Do mineral baths hold water as a psoriasis treatment?

| Melissa Leavitt

Testing the waters of an age-old psoriasis treatment has uncovered a possible explanation for why bathing in mineral water can improve psoriasis.

Over the years, many psoriasis patients have found relief from mineral water. The Dead Sea, for instance, has been a destination for those seeking an alternative psoriasis treatment for decades.

The reason why the treatment may help improve psoriasis has not always been clear. But a study published in December in the Journal of Drugs in Dermatology suggests that mineral water therapy — known as balneotherapy — might treat psoriasis by changing the bacteria living on your skin.

Researchers studied 29 patients attending La Roche-Posay, a center in France that uses thermal spring water in dermatological treatment. The patients, who all had moderate-to-severe psoriasis, underwent balneotherapy for three weeks, which involved taking high-pressure showers and baths and drinking La Roche-Posay thermal spring water.

A previous study of 92 patients with moderate psoriasis found that three weeks of balneotherapy led to an average skin improvement of about 50 percent, researchers reported.

For the more recent study, researchers tested how the waters affected the skin microbiome of patients whose psoriasis improved.

Your microbiome is the community of microbes living on and inside you. Past research has found that a diverse microbiome is important for immune functioning. In January 2015, a study published in the journal Arthritis and Rheumatology found that people with psoriasis and psoriatic arthritis may have decreased levels of some kinds of microbes, leading to a lack of microbial diversity.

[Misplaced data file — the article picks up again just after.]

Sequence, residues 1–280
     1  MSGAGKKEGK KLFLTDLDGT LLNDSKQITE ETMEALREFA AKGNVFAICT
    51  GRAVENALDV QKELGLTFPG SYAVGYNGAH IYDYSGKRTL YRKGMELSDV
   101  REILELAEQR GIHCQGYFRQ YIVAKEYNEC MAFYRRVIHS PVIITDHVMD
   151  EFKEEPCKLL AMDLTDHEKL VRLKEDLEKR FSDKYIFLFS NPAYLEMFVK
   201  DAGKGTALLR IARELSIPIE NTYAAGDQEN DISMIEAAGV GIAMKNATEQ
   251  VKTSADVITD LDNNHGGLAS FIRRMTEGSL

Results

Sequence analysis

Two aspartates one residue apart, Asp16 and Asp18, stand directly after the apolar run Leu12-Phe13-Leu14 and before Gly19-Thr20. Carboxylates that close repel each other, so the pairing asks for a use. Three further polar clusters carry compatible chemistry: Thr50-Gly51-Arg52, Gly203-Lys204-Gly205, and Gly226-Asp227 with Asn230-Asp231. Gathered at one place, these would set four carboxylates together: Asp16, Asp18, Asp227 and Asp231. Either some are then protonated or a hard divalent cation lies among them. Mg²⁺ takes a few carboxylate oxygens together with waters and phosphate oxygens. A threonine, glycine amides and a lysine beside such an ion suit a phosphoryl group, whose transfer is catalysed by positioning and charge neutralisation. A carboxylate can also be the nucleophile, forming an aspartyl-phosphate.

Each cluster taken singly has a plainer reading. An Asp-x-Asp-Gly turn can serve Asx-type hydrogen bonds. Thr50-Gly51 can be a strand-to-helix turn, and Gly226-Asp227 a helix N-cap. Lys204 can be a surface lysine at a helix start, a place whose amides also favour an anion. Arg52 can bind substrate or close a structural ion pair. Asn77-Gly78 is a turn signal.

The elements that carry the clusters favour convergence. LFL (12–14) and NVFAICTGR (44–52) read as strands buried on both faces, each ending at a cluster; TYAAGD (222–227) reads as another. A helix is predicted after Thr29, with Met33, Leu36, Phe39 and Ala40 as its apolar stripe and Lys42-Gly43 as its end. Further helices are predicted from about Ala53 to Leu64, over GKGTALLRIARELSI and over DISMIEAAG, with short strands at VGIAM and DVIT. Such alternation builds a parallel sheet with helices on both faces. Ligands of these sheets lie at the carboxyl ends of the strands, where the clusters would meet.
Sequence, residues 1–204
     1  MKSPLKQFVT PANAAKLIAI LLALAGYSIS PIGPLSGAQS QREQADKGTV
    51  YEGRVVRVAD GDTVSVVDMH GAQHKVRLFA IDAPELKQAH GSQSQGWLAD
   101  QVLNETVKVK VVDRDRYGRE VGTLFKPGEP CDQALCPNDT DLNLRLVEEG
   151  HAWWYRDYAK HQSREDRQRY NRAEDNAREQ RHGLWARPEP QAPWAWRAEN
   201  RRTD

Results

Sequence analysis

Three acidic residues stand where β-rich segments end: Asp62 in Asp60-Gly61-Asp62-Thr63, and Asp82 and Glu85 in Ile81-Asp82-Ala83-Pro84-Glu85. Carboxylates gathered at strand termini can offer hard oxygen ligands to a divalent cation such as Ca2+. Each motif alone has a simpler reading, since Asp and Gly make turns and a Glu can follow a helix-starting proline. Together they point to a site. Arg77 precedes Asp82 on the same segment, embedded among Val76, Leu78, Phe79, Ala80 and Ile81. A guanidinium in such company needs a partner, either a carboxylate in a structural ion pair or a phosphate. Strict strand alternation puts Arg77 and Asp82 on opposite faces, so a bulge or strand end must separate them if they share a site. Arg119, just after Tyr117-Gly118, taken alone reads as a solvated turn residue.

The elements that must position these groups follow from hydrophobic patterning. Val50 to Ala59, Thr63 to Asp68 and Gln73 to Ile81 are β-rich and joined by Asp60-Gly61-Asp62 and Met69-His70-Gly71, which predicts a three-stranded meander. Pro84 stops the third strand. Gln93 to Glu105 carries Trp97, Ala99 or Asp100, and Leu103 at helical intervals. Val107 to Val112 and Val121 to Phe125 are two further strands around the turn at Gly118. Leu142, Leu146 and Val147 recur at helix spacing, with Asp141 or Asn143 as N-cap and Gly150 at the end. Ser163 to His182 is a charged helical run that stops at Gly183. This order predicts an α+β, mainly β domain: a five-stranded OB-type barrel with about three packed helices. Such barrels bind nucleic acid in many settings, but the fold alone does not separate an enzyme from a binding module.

Before patients started treatment, researchers measured the bacteria living on their skin. In line with studies conducted by other researchers, they found that patients did not have a lot of bacterial diversity. When they tested patients’ microbiome after three weeks of balneotherapy, researchers did not find an increase in bacterial diversity overall.

However, they did find an increase in some kinds of bugs that could have an impact on psoriasis.

One kind was called Xanthomonas, which, according to the researchers, helps regulate keratin. Keratin is a protein that protects the skin. In people with psoriasis, keratinocytes — which are skin cells that produce keratin — grow too fast, leading to a build-up of dead skin cells.

Based on these findings, researchers concluded that the mineral water used in the study may change the composition of the skin by promoting the growth of some bacteria.

Editor's note: Always check with your doctor to find the treatment that’s right for you.


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